Nom du Keyboard writes: For not the first time I notice a new film that hasn't yet even reached the theaters with hundreds of positive votes and/or reviews recorded on Netflix. This time the move is Inkheart. For a movie that doesn't even hit the theaters until January 23 it already has 428 votes and a rating of 4.3 (out of five) on Netflix. Seems more than a bit fraudulent to me. Also it has a review that doesn't even review the movie, but instead says the books are great therefore the movie should be too. Does the word "shills" come to mind? With millions spent just to promote a movie are a few hundred of that going to phony voters, or have that many people actually seen the film and just can't wait to rush home and log onto Netflix to vote? Just what is the responsibility here to provide honest ratings?
Security

Solution Against Cold Boot Attack In the Making 260

Bubba writes "I just discovered this blog: Frozen Cache. It describes a concept for preventing cold boot attacks by saving the encryption key in the CPU cache. It is claimed that by disabling the CPU cache the key will remain in cache and won't be written to memory. The blog says they're working on a proof-of-concept implementation for Linux. Could this really turn out to be a working solution?" Update: 01/19 20:26 GMT by KD : Jacob Appelbaum, one of the authors of the cold boot attack paper, wrote in with this comment: "It's not a solution. It simply seeks to make it more obscure but an attacker would certainly still be able to pull off the attack. From what is on that blog, there's still a full keyschedule in memory at this time. This is how we reconstruct the key, the redundant information in memory; it's not just the 128/256 bit key itself. For older methods, they needed the actual specific key bits but we don't need them because we recreate them. Basically, the CPU is acting as a ghetto crypto co-processer. Emphasis on ghetto. It's a nice suggestion but the devil is in the details and sadly the details in this case aren't really up to snuff. It's a bogus solution."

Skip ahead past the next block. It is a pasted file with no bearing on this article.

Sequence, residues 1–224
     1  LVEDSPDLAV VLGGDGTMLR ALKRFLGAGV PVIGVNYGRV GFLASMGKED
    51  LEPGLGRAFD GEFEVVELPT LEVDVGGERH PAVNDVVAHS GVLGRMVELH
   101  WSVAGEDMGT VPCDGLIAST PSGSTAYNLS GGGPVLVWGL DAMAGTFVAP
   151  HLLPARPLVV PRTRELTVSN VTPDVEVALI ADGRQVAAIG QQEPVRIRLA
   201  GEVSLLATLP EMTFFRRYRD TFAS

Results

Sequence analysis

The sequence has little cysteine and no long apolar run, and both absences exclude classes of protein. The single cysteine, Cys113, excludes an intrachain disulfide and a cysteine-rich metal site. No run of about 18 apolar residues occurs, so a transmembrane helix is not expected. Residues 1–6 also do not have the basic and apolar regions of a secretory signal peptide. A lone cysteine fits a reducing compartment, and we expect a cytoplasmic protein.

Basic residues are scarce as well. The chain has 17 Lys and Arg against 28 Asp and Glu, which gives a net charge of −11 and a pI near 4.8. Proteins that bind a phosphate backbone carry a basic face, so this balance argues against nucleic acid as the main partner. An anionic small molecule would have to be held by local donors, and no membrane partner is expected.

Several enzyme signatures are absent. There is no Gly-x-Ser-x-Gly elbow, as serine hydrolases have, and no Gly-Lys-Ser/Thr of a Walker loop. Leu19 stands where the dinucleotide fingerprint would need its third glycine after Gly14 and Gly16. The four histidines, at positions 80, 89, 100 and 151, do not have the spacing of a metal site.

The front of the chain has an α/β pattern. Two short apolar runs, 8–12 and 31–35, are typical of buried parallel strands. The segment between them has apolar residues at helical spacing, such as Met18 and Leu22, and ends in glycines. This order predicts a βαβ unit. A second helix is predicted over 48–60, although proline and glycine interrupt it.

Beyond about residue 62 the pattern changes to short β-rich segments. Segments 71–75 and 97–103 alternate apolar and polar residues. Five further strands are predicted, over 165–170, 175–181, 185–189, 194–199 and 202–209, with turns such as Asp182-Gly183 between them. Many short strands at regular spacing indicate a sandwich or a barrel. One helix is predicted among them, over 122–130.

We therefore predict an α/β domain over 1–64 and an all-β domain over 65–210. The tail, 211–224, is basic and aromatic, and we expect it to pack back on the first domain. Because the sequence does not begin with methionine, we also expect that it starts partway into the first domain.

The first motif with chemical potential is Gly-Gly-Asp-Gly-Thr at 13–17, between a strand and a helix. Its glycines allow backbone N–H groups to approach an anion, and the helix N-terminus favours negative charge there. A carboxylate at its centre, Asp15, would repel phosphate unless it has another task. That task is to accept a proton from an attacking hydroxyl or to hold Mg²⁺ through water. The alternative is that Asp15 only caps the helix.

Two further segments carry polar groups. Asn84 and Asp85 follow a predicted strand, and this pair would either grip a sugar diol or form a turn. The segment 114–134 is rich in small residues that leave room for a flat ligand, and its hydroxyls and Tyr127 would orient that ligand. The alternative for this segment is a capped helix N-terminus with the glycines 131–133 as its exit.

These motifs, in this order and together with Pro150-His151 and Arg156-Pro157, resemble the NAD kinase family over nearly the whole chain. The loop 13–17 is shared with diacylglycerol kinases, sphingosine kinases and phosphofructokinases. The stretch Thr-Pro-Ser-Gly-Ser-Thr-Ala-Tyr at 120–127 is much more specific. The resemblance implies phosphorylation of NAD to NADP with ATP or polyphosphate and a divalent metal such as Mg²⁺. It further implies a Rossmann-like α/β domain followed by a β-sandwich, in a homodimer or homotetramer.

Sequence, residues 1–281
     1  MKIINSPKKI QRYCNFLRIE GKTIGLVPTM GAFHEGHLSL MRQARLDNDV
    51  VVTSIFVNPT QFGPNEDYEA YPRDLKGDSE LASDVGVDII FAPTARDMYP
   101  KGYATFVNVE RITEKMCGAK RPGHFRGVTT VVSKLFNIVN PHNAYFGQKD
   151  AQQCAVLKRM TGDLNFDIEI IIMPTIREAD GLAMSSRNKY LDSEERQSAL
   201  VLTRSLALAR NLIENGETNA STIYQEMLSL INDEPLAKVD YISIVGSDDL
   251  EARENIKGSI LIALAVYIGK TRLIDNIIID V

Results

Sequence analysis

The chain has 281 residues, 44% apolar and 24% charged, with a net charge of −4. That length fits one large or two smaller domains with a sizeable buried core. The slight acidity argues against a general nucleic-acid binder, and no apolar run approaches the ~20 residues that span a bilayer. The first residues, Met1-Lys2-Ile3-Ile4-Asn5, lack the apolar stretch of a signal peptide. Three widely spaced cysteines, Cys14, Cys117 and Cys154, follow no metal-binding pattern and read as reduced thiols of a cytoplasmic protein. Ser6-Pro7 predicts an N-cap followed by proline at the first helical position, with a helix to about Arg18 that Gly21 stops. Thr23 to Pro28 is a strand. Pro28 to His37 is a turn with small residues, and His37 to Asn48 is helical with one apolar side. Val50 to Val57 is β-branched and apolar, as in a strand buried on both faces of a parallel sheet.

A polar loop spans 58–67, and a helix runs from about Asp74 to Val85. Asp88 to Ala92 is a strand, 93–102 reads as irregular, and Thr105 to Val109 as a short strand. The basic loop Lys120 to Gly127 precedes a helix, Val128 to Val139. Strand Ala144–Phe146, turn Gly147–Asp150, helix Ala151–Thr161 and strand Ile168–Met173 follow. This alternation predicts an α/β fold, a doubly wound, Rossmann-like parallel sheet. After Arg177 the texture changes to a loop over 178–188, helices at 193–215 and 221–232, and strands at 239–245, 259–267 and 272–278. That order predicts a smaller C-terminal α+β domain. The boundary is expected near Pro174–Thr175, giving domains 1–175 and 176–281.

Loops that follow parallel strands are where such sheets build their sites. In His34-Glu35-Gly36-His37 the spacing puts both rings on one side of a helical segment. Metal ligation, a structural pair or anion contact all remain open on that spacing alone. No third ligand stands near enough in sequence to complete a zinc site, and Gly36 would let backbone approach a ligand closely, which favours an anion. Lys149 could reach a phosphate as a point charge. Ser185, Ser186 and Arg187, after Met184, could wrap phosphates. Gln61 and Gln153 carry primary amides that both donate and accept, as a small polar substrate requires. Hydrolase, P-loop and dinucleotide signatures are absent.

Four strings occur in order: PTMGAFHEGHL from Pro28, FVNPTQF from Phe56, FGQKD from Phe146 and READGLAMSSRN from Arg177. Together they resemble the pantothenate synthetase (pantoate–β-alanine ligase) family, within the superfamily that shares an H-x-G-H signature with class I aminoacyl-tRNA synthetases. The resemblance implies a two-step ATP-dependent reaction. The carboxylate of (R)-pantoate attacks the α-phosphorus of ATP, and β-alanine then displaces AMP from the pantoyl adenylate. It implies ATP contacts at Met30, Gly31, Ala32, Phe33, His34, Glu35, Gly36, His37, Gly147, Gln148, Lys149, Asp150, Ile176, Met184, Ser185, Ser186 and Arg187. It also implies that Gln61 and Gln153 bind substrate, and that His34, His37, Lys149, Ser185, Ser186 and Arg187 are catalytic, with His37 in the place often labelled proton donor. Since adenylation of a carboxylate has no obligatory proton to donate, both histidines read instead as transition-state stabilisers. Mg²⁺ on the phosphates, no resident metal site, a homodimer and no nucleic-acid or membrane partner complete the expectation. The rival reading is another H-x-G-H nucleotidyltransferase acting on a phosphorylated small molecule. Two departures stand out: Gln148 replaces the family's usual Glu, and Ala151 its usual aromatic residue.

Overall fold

United States

Submission + - Top 10 IT priorities for Obama (pcauthority.com.au)

Slatterz writes: Tuesday's swearing-in will be a landmark not only for its cultural and social implications, but also for its impact on technology. Obama has promised to be more in touch with the cutting edge of the internet and tech world than any previous President. He's already said that the nation will get its first chief technology officer and has started making appointments that put people with technological knowledge in the driving seat rather than politically reliable hacks. As the nation gets ready for the end of the Bush era and the beginning of the Obama one we thought it right to suggest a few IT priorities that the new president might like to address. From webcasting to the DMCA to net neutrality — a list of top ten IT priorities for the new president.
Slashdot.org

Submission + - What should I ask Slashdot?

TodMinuit writes: "Dearest Slashdot: Recently, I've wanted to ask Slashdot something. Unable to come up with a question myself, I thought who better to ask what I should ask Slashdot than Slashdot itself? Surely the very people answering the question are quite capable of coming up with one. So, Slashdot, what should I ask Slashdot?"